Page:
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I have asked a series of questions recently about the superscripts at the top of the Psalms.* They tend to include technical notes about performance, (possible) allusions to authorship, notation of the context in which they were written, and probably sometimes other things. They seem to be fairly dense with uncertain terminology.

My understanding is that these headings aren’t original to the psalms. They refer to the author in the third person at times, and many of them re-use similar phrases, as if they were added at the same time by the person compiling them. They’re there in the LXX (albeit sometimes oddly translated), so they must be fairly early additions. I realize there is controversy about which psalms were written when, but is there any consensus about when the superscripts (please correct me if there’s a better term) came about?


*I linked to a set of my own questions there because I haven’t found other questions about this on BH.SE. If I've missed any, please add them.

  • If you are referring to such things as "A Psalm of David", Judaism treats these as part of the Psalm itself, which is why our verse numbering often differs from Christian Bibles. To know, for example, whether the Psalm was written by the sons of Korach or King David, for example, is pretty important to appreciating the text. For example, Ps. 3 says that it is a psalm of David when he fled from Absalom, his son. That is very important because it is a psalm praising G-d. David understood that when extraordinary things happened to him, good or bad, it was because G-d was communicating something. – Bruce James Jun 24 '15 at 20:36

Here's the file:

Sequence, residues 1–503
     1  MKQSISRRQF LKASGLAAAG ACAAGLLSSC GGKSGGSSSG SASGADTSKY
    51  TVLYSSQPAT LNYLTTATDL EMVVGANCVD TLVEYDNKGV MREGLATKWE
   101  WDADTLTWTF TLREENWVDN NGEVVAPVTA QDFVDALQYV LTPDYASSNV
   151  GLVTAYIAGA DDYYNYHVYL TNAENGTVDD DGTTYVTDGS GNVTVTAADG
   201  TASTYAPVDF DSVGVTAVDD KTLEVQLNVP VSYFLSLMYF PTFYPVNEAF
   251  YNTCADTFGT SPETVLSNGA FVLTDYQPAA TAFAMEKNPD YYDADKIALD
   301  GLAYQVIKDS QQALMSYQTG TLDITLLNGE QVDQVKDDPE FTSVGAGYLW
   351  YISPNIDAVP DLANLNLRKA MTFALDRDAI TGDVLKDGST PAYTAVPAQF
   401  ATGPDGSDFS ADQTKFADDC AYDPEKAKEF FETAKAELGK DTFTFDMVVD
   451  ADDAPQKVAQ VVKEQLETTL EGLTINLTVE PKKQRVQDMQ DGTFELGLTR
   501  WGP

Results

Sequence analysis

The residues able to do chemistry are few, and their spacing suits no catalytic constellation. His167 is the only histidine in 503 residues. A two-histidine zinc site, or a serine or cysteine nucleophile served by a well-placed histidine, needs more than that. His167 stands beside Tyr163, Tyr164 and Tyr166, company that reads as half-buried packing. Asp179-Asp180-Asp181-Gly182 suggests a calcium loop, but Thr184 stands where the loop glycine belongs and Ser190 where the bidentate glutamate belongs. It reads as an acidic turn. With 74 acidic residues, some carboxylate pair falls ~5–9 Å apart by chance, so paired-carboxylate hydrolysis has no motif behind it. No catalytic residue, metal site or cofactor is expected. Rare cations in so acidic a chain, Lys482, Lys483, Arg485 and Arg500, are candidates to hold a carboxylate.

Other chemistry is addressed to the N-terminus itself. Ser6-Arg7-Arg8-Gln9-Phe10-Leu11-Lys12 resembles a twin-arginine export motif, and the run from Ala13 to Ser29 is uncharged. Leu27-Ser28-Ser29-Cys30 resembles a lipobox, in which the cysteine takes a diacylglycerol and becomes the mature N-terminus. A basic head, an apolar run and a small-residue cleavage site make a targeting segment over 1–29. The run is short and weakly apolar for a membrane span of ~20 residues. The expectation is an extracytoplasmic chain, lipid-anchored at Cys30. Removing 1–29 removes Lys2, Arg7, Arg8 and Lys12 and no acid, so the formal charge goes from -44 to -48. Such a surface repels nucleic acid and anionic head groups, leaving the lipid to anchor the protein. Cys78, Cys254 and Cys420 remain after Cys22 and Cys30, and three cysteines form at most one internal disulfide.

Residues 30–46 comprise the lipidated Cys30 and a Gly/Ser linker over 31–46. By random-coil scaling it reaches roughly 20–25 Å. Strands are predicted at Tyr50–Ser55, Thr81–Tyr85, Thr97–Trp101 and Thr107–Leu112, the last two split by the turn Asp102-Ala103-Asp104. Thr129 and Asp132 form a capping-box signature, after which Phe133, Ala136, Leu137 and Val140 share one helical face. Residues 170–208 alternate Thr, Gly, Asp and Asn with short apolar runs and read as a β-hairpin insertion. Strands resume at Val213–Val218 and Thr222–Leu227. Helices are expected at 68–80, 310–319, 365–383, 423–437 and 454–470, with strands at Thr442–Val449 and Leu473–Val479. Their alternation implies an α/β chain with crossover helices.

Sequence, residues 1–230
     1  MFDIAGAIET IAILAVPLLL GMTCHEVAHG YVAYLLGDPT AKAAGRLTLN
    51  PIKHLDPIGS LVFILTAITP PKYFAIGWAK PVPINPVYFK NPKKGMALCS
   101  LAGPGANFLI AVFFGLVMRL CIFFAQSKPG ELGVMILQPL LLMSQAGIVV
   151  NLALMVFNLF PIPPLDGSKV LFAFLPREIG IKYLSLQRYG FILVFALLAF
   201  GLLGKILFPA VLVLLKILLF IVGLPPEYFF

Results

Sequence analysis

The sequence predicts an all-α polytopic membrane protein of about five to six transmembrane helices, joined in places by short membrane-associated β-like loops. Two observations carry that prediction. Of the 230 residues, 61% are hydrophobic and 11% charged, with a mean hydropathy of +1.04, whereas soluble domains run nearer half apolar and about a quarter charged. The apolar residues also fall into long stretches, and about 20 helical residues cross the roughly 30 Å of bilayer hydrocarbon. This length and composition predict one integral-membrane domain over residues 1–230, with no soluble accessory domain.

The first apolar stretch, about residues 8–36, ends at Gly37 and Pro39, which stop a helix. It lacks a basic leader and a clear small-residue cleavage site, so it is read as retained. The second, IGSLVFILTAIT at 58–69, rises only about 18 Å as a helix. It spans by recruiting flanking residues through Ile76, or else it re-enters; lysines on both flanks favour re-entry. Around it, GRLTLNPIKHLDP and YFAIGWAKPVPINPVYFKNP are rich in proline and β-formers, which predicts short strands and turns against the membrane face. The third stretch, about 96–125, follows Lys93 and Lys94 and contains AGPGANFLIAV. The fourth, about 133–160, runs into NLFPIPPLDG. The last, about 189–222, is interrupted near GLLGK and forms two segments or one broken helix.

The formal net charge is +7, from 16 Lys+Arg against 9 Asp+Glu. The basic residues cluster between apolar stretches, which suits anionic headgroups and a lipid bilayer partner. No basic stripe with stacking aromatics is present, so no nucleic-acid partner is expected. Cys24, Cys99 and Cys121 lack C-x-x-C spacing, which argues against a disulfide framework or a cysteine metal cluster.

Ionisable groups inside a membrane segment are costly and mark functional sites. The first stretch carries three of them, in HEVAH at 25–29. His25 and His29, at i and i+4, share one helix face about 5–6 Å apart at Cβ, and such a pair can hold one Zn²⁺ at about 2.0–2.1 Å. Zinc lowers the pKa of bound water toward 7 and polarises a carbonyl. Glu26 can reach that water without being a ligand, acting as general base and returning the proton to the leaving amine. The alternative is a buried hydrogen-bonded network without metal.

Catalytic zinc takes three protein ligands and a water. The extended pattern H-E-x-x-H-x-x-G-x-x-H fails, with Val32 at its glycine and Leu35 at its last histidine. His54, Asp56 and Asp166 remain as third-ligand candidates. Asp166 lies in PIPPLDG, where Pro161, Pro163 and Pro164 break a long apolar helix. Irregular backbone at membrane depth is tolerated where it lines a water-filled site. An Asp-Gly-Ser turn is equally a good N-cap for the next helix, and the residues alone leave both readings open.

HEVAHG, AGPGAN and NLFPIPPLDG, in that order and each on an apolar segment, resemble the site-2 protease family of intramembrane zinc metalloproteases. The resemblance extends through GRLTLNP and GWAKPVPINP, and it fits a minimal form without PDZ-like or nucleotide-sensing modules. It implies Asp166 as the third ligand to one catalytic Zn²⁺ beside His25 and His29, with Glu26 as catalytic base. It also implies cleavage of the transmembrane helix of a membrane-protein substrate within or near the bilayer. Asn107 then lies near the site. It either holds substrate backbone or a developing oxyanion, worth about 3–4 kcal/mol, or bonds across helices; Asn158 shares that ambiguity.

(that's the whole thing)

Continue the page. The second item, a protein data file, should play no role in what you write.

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There seems to be no consensus as to just when the superscripts were added to the psalms, other than that they were probably not all added at the same time, and that they were not always fixed but evolved, not being considered sacred in the way the psalm texts were.

I looked up Mark S. Smith's paper, 'Taking Inspiration:Authorship, Revelation, and the Book of Psalms', published in Psalms and Practice (edited by Stephen Breck Reid). On page 245, he cites a paper 'Psalm Titles and Misrashic Exegesis' by BS Childs. I do not have access to Child's paper, but Smith quotes him as suggesting that the superscriptions ought to be dated between the Book of Chronicles, which does not cite the superscriptions, and the Cave 11 Psalms scroll which does.

This site dates Chronicles to about 450-400 BCE, but says that earlier and later dates have been suggested. Wikipedia, citing Steven L McKenzie (1-2 Chronicles), says the period 350–300 BCE is most likely.

This site says the Cave 11 Psalms scroll has been dated paleographically to the late Herodian era, that is somewhere between 30 and 50 CE.

On the basis of Childs' research, as cited by Smith, the psalter superscriptions were probable added between 450 BCE and 50 CE. Of course, the LXX version of Psalms may have been written up to 200 years before the later date, but we do not have an early LXX manuscript and can not say how early it included the superscriptions.

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